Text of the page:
Orchard LakeDecember 7, 2011
St. Mary’s casts demons of years past away for one night of perfection
By Mike Moore
C & G Sports Writer
DETROIT — There were tears yet again.
On the same ground that’s known so much anguish and heartbreak in years past, they flowed once again.
But this was something different.
These were tears grown men and high school kids alike were proud to shed.
These were emotions longing to escape for nearly a decade.
Here, in this moment, was a new chapter of Orchard Lake St. Mary’s football.
Let the tears flow.
Let the party begin.
The Eaglets are officially back on top.
“I’m just glad we could finally win one,” a usually reserved coach George Porritt said with a smile that seemingly spread from one corner of Ford Field to the next following the Division 3 championship. “This was a collective effort. All year long, we’ve focused on a state title. We’ve played a great schedule and some great football. I’m just so proud of these kids.”
He’s been proud before, and rightfully so. Since their Division 4 title in 2000, the Eaglets played in five state championships, five times taking the runner-up trophy back to Orchard Lake.
There was to be no sixth.
On this Nov. 26 evening, the final game of MHSAA football’s final weekend belonged to those in red, white and black.
Mount Pleasant was the opponent, and a worthy one. The Oilers entered the game 13-0 and riding a wave of momentum their program has never known.
But these Eaglets were playing for more than one win.
In case anyone wasn’t sure about the Eaglets’ desire, junior fullback Grant Niemiec made it very clear on just the fourth play from scrimmage, rumbling 48 yards to give St. Mary’s a 7-0 lead before anyone had finished their first handful of popcorn.
Less than three minutes later, in a sport where teammates often refer to each other as brothers, Niemiec’s cousin, senior Spencer McInnis, dashed 69 yards to the end zone.
The celebration was just beginning.
Mount Pleasant calmed the raucous crowd late in the first quarter, grabbing a score of its own to make the game 14-7.
It would never be closer.
McInnis had two more touchdowns in him. James Ross, a two-time state runner-up, took his turn finding pay dirt. Junior Parker McInnis, Spencer’s younger brother, also scored on a 60-yard run.
Everything was going the Eaglets’ way. By the time the dust had settled, St. Mary’s was in cruise control, beating the Oilers 45-7.
Spencer McInnis, the unquestioned star of the game, was asked if this win was for this team or for all the guys that had come so close before him.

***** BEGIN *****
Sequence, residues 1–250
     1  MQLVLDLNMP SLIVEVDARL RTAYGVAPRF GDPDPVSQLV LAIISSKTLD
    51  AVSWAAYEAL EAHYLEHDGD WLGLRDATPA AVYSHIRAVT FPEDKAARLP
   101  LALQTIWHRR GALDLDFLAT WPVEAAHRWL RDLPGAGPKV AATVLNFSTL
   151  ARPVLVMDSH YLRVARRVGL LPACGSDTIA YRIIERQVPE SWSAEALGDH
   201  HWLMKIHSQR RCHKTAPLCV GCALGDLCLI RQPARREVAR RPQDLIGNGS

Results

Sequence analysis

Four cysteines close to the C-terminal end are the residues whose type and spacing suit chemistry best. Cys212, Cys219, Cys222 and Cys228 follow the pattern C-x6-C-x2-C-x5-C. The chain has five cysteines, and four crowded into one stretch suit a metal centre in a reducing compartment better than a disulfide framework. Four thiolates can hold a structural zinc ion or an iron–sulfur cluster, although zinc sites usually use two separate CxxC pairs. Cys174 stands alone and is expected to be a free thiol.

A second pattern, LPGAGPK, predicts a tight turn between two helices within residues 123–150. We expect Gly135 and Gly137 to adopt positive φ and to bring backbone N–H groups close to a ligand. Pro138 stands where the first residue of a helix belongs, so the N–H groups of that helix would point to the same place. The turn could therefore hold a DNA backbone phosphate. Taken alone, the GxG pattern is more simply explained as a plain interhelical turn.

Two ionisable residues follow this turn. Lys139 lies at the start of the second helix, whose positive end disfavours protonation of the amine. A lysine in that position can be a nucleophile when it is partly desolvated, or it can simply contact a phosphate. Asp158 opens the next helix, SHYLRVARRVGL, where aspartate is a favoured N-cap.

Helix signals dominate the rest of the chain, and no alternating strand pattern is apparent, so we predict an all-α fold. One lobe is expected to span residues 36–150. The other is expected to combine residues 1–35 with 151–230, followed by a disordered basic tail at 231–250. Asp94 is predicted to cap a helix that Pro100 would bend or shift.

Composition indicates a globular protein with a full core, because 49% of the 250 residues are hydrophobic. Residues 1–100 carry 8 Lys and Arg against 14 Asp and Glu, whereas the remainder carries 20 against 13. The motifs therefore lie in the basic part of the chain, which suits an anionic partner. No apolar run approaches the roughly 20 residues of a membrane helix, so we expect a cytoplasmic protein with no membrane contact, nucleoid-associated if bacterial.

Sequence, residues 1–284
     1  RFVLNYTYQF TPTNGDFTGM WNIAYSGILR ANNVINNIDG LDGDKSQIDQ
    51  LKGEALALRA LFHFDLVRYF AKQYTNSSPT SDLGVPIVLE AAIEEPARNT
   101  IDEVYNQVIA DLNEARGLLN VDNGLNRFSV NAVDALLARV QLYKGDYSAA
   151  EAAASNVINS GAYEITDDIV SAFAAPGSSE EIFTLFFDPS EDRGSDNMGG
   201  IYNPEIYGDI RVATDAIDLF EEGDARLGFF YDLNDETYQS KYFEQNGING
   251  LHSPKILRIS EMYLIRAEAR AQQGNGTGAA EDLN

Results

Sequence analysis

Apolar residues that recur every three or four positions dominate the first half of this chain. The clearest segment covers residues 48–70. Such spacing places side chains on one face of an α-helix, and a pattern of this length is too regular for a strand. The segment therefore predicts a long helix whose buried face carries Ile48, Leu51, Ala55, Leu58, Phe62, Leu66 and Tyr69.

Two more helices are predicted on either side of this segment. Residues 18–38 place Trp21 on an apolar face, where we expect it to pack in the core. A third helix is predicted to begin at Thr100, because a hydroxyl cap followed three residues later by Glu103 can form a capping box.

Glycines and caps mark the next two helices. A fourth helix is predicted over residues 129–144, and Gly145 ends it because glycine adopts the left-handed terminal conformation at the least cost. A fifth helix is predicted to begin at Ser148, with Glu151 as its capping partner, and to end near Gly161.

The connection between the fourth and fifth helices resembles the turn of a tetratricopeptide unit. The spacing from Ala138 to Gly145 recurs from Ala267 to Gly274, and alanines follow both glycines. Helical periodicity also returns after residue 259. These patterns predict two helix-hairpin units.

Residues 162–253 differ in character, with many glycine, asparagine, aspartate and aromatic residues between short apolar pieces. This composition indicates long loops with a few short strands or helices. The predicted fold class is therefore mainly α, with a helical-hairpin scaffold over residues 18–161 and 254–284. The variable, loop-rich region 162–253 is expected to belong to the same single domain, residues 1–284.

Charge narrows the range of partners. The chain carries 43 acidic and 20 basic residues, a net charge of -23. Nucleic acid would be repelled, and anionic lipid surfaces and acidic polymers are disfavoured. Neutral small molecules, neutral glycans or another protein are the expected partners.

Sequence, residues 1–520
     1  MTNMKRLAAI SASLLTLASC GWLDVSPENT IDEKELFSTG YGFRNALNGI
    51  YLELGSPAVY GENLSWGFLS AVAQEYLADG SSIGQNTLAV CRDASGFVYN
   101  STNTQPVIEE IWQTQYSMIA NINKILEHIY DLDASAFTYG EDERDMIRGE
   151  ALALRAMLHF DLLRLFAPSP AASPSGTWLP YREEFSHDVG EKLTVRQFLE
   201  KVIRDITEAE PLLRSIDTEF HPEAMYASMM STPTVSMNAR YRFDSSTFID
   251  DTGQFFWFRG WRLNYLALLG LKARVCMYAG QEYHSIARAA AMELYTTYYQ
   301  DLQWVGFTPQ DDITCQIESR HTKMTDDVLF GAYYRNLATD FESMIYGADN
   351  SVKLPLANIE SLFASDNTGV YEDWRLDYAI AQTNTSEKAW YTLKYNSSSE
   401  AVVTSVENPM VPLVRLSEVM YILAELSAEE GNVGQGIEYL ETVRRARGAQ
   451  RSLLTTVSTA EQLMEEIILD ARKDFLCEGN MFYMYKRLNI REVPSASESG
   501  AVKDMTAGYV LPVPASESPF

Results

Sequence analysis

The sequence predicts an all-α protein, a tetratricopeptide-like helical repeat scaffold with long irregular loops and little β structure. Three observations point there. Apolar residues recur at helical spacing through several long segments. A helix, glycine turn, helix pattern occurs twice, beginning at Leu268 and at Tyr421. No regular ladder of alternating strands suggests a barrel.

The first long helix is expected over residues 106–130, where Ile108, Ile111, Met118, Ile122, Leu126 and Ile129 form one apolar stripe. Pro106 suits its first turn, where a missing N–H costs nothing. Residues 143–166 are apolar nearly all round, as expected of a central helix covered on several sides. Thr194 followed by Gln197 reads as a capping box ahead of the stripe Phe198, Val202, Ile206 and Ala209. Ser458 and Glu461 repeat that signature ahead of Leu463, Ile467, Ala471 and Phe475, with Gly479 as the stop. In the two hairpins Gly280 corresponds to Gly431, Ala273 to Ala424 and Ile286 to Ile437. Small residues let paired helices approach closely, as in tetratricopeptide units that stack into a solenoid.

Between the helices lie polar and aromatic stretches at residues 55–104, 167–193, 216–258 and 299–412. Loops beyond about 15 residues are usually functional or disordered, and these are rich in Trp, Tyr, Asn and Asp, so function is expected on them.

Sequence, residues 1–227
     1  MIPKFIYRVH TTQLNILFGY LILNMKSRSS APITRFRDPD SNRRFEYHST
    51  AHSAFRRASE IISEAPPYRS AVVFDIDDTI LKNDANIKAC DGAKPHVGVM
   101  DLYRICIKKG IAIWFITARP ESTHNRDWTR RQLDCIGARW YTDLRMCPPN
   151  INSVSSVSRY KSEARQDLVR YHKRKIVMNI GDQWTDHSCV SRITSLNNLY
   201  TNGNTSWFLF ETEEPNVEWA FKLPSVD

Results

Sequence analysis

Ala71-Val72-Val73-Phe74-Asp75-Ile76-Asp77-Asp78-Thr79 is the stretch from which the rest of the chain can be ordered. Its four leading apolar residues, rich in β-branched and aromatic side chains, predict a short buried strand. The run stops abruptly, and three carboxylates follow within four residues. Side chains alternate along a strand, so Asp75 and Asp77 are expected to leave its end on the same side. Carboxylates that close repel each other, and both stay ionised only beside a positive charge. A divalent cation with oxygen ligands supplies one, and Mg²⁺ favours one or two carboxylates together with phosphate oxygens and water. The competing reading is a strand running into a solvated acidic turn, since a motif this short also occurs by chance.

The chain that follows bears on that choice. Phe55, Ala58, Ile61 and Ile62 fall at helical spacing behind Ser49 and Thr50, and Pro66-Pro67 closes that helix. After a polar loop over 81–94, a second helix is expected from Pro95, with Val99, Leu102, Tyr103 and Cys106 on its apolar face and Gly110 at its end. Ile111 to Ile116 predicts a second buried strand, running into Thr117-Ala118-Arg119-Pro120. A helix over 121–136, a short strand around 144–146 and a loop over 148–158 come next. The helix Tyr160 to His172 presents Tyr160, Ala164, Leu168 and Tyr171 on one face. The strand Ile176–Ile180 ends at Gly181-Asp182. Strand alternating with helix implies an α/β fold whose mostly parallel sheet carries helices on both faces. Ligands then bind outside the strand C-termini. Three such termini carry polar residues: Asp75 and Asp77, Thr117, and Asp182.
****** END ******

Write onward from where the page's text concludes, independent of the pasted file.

He just smiled.
“Both,” he said. “There hasn’t been a state title here in 10 years. We had to win this one for ourselves and for all the alumni out there.”
Just days before the final game, Porritt had to answer questions about the five-game finals losing streak.
“I’m sure the kids know about it, and it’s tough not to think about it,” Porritt said then. “All I want them to do is go out, play hard and enjoy this.”
The Eaglets controlled the ground game, rushing for 478 yards to Mount Pleasant’s 122. And defensively, they held Mount Pleasant, which was averaging 273 yards rushing and 37 points per game, in check.
“This was a such a great team win,” said Niemiec, who finished with 96 yards rushing on 11 carries. Spencer McInnis ended up with 213 on 23 carries, while Parker McInnis chipped in 96 yards on nine attempts.
“It hasn’t even set in yet that we actually did it, but this is something we’ve been building towards for so long. You take things one week at a time, and to finally get it. It’s just incredible.”
As players past and present gathered to celebrate on the field, eventually taking the trophy toward the stands, it was clear this title was as much for the 2011 Eaglets as it was for all who’ve battled before.
“This is a day I’ve been dreaming about since I was a little kid watching my brothers play,” Niemiec said of his older brothers, Austin, who lost in the 2001 final as a sophomore, and Pierce, who was a junior when the 2007 team fell in the final. “We were talking this morning, and they both had one thing to say to me.”
He paused, smiled and whipped a tear before continuing.
“All they said was, ‘Bring one home.’”
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